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Impulse Generation by an Open Shock Tube

Kasahara, J. and Liang, Z. and Browne, S. T. and Shepherd, J. E. (2008) Impulse Generation by an Open Shock Tube. AIAA Journal, 46 (7). pp. 1593-1603. ISSN 0001-1452. doi:10.2514/1.27467.

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We perform experimental and numerical studies of a shock tube with an open end. The purpose is to investigate the impulse due to the exhaust of gases through the open end of the tube as a model for a partially filled detonation tube as used in pulse detonation engine testing. We study the effects of the pressure ratio (varied from 3 to 9.2) and the volume ratio (expressed as fill fractions) between the driver and driven section. Two different driver gases, helium and nitrogen, and fill fractions between 5 and 100% are studied; the driven section is filled with air. For both driver gases, increasing the pressure ratio leads to larger specific impulses. The specific impulse increases for a decreasing fill fraction for the helium driver, but the impulse is almost independent of the fill fraction for the nitrogen driver. Two-dimensional (axisymmetric) numerical simulations are carried out for both driver gases. The simulation results show reasonable agreement with experimental measurements at high pressure ratios or small fill fractions, but there are substantial discrepancies for the smallest pressure ratios studied. Empirical models for the impulse in the limits of large and small fill fractions are also compared with the data. Reasonable agreement is found for the trends with fill fractions using the Gurney or Sato model at large fill fractions, but only Cooper’s bubble model is able to predict the small fill fraction limit. Computations of acoustic impedance and numerical simulations of unsteady gas dynamics indicate that the interaction of waves with the driver-driven gas interface and the propagation of waves in the driven gas play an essential role in the partial-fill effect.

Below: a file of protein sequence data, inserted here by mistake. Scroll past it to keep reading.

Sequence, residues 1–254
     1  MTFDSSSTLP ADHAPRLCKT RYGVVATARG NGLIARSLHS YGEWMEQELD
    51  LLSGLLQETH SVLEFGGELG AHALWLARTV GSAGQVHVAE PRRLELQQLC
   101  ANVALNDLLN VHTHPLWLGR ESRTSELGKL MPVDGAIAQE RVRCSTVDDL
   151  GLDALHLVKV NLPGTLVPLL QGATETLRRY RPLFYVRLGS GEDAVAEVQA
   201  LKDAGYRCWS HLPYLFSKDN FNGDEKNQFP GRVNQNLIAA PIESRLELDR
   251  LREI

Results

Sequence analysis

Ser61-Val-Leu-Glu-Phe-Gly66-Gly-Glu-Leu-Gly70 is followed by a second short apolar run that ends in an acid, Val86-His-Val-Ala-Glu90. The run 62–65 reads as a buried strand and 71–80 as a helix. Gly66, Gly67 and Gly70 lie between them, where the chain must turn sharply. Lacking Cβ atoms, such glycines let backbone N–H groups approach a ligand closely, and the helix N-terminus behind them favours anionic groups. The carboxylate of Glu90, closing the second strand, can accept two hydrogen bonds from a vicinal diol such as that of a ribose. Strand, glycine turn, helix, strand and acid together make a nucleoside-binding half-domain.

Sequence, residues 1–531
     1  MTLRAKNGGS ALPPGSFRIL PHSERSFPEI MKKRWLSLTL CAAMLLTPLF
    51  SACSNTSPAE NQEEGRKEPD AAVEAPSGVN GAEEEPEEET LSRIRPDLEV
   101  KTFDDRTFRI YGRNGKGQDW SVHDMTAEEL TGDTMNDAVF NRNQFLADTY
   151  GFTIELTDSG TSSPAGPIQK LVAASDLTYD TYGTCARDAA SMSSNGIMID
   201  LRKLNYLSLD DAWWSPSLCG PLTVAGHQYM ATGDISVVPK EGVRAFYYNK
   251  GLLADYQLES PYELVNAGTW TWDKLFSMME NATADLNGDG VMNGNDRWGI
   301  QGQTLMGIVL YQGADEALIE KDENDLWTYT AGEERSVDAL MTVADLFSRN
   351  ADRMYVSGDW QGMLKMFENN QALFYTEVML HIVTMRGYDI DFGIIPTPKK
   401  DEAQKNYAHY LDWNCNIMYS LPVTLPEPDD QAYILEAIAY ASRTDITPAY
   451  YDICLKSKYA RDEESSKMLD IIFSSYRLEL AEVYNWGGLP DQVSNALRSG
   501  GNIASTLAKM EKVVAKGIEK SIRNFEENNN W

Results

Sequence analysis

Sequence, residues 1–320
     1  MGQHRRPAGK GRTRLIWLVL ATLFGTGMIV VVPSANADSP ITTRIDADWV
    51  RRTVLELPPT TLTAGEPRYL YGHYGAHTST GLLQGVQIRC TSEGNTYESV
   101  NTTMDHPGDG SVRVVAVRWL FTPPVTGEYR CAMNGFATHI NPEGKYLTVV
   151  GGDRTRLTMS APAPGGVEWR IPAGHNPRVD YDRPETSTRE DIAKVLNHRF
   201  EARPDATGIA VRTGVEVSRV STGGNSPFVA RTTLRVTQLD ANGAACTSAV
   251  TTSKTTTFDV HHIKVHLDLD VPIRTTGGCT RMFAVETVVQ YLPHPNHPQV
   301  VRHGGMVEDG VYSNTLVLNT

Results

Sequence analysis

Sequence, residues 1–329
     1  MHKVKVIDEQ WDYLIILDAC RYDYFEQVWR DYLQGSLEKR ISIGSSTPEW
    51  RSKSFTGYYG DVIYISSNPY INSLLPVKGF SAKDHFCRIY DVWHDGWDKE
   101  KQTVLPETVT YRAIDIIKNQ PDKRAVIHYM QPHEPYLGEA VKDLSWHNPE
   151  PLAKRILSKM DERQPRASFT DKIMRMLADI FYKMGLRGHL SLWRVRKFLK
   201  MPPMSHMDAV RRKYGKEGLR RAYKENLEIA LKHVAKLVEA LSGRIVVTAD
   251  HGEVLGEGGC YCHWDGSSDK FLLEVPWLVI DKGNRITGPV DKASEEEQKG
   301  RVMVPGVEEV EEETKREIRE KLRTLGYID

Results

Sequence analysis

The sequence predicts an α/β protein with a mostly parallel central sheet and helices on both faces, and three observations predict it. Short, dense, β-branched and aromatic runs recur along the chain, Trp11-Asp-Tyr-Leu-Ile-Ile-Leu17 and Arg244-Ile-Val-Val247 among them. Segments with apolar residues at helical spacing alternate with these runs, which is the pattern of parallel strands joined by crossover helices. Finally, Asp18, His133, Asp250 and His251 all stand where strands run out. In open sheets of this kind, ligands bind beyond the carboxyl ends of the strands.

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Shepherd, J. E.0000-0003-3181-9310
Additional Information:© 2008 by California Institute of Technology, Pasadena, CA. Published by the American Institute of Aeronautics and Astronautics, Inc., with permission. Received 24 August 2006; revision received 1 March 2008; accepted for publication 7 March 2008. We thank R. Deiterding of the DOE ASC Alliance Center for assistance in using the AMROC software and also D. Lieberman, S. Jackson, and F. Pintgen for help with the experimental setup. Z. Liang was partially supported by an NSERC Postgraduate Scholarship from Canada and J. Kasahara’s stay at Caltech was supported by a fellowship from the Ministry of Education, Culture, Sports, Science and Technology (MEXT) of Japan. We also thank Katsumi Tanaka, National Institute of Advanced Science and Technology, Japan, for his advice regarding the simulations and Hans Hornung, Caltech, for creating Figs. 4 and 11.
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Natural Sciences and Engineering Research Council of Canada (NSERC)UNSPECIFIED
Ministry of Education, Culture, Sports, Science and Technology (MEXT)UNSPECIFIED
Issue or Number:7
Record Number:CaltechAUTHORS:KASaiaaj08
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Usage Policy:No commercial reproduction, distribution, display or performance rights in this work are provided.
ID Code:11352
Deposited By: Archive Administrator
Deposited On:07 Aug 2008 04:26
Last Modified:08 Nov 2021 21:57

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